The dichotomy between blue and red states—essentially California versus Florida and Texas—plays out in many arenas on several specific issues, including immigration and abortion.
The entire country will get a full dose of the ongoing conflict next month when California Gov. Gavin Newsom, a Democrat obsessed with building a national image, debates Florida Gov. Ron DeSantis, a declared 2024 Republican candidate for president, on national television.
On the other hand, an ironic distortion of competition has developed as competing states seek to force social media companies, such as X (formerly Twitter) and Facebook, to toe the official line with content that contradicts their very different ideological views.
When it reconvened this month, the US Supreme Court agreed to review laws in Florida and Texas that prohibit social media outlets from banning controversial political speech. The laws were implemented after Facebook and Twitter suspended the accounts of former President Donald Trump.
The Texas law, which is currently on hold, would classify social media companies as common carriers like public utilities and require them to disclose their “standards of moderation” that affect what they are allowed to do. post, and state why they removed the specific behavior.
The law in Florida, similar to the one that was pushed, will prohibit the ban of certain users, such as journalists or politicians, and require social media companies to explain the reason for each instance of content moderation.
In both cases, social media companies say Florida and Texas are trying to control how they edit their platforms in violation of the Constitution’s right to free speech.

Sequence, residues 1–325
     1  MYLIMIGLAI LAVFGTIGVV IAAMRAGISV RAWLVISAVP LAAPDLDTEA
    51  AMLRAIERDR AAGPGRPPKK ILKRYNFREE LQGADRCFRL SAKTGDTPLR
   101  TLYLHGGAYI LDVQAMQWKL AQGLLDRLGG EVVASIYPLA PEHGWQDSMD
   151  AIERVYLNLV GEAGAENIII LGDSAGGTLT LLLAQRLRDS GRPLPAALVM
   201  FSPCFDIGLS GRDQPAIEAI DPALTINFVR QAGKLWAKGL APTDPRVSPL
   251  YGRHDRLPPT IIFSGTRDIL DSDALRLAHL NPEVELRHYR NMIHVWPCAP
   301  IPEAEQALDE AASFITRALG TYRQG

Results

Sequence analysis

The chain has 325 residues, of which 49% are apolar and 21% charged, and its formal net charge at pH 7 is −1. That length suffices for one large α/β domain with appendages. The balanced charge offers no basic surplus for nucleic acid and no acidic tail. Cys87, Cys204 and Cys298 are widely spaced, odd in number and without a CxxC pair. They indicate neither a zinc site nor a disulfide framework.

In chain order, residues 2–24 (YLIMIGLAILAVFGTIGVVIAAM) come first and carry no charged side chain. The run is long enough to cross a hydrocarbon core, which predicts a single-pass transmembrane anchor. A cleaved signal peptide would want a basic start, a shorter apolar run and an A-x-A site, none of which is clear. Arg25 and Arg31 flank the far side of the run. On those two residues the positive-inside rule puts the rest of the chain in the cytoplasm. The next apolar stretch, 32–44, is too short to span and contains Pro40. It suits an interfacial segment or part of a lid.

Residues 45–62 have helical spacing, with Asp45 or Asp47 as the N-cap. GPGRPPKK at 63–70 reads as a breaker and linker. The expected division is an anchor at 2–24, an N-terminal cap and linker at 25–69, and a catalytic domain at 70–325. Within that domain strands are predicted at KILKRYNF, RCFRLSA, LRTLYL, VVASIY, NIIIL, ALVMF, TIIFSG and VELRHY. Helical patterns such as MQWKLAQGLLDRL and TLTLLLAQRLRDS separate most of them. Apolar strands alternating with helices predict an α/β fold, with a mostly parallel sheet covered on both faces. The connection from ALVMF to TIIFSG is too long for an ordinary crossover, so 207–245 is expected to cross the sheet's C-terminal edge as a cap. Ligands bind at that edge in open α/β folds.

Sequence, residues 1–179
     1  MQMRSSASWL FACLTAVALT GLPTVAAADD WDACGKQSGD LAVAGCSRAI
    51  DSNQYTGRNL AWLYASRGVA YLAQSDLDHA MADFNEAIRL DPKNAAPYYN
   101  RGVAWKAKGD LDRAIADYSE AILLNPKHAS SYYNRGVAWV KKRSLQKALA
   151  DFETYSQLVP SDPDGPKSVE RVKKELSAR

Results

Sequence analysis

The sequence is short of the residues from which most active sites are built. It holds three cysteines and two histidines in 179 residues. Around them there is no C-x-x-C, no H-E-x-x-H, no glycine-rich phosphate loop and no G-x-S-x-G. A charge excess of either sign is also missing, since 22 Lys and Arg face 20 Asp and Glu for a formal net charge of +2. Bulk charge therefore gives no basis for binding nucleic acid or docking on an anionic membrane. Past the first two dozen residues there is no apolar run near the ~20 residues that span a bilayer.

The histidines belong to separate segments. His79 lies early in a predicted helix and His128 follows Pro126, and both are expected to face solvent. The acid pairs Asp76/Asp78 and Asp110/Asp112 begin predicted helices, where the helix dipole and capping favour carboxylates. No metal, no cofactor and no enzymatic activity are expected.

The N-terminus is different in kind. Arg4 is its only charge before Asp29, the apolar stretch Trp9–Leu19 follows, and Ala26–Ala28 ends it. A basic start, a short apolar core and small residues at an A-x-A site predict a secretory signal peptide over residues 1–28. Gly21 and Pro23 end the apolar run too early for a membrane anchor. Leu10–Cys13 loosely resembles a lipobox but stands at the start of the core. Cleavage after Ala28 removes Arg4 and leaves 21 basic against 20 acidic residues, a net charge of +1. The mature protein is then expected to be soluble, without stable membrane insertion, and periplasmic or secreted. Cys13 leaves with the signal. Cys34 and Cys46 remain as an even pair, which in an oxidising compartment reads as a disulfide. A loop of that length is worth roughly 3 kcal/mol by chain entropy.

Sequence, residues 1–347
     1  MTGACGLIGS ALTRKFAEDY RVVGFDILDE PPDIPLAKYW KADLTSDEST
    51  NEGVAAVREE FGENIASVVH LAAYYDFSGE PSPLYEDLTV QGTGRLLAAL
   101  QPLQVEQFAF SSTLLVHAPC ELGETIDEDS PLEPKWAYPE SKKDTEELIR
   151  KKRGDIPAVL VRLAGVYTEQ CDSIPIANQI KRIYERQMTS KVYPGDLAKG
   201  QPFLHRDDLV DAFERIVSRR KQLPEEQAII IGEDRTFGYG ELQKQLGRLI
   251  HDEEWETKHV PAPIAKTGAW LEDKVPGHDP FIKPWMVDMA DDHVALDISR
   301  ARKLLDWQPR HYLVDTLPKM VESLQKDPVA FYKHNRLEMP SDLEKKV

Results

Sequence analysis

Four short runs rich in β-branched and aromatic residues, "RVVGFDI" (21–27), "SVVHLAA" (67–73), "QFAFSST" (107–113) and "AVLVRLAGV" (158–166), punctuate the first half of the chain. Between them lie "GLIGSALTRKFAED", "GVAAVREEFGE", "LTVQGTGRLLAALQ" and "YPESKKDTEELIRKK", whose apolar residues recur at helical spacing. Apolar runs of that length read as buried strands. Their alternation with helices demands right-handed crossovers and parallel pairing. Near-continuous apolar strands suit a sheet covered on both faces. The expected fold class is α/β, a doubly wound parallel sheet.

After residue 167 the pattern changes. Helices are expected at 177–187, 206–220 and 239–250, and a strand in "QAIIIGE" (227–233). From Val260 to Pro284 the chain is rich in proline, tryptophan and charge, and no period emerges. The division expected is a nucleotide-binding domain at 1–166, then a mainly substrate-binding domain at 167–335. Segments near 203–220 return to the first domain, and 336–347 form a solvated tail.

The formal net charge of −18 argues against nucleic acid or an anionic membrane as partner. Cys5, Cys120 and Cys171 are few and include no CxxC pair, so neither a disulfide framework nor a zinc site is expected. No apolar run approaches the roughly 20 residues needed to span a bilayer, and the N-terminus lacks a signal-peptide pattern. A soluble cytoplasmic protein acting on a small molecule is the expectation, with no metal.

“Underneath, the government’may not… tell Twitter or YouTube what videos to post; or tell Facebook or Google what content to favor,’” Scott Keller, a lawyer for internet trade groups, told the court in a petition.
The issues before the Supreme Court are strikingly similar to a case filed in federal court this month by X Corp. v. California, which said a 2022 law also violated its right to free speech.
The law, Assembly Bill 587, also includes standards that social media use to moderate content, requiring them to make more disclosures to the state Department of Justice. The move was initiated by the Anti-Defamation League and is aimed at forcing social media companies to remove what the sponsor deems to be hate speech.
“The line between providing an open forum for productive discourse and allowing the proliferation of hate speech and misinformation is a fine one and depends largely on the structure and practices of the platform,” Assemblyman Jesse Gabriel, a Woodland Hills Democrat, said in a statement while his bill was being considered.
X Corp. claims that Gabriel’s law violates the First Amendment because it interferes with social media companies’ constitutionally protected editorial judgments, requires them to post terms that are “dictated by the government,” and coerces them to be removed within the state “considered undesirable or harmful.”
Basically, while Texas and Florida have accused social media of being too eager to censor inflammatory content, California’s law makes it clear they don’t want to.
California, meanwhile, rolled back another censorship law passed last year.
Assembly Bill 2098 threatens doctors to lose their licenses for “unprofessional behavior” if they openly disagree with the official on the nature of COVID-19 or the vaccines used to fight the pandemic.
This year, some language repealing the law was inserted into the omnibus medical licensing measure, Senate Bill 815, which Newsom quietly signed into law. The repeal short-circuited what could have been another legal battle over censorship and the First Amendment and a lesson about legislating without considering the effects on constitutional rights.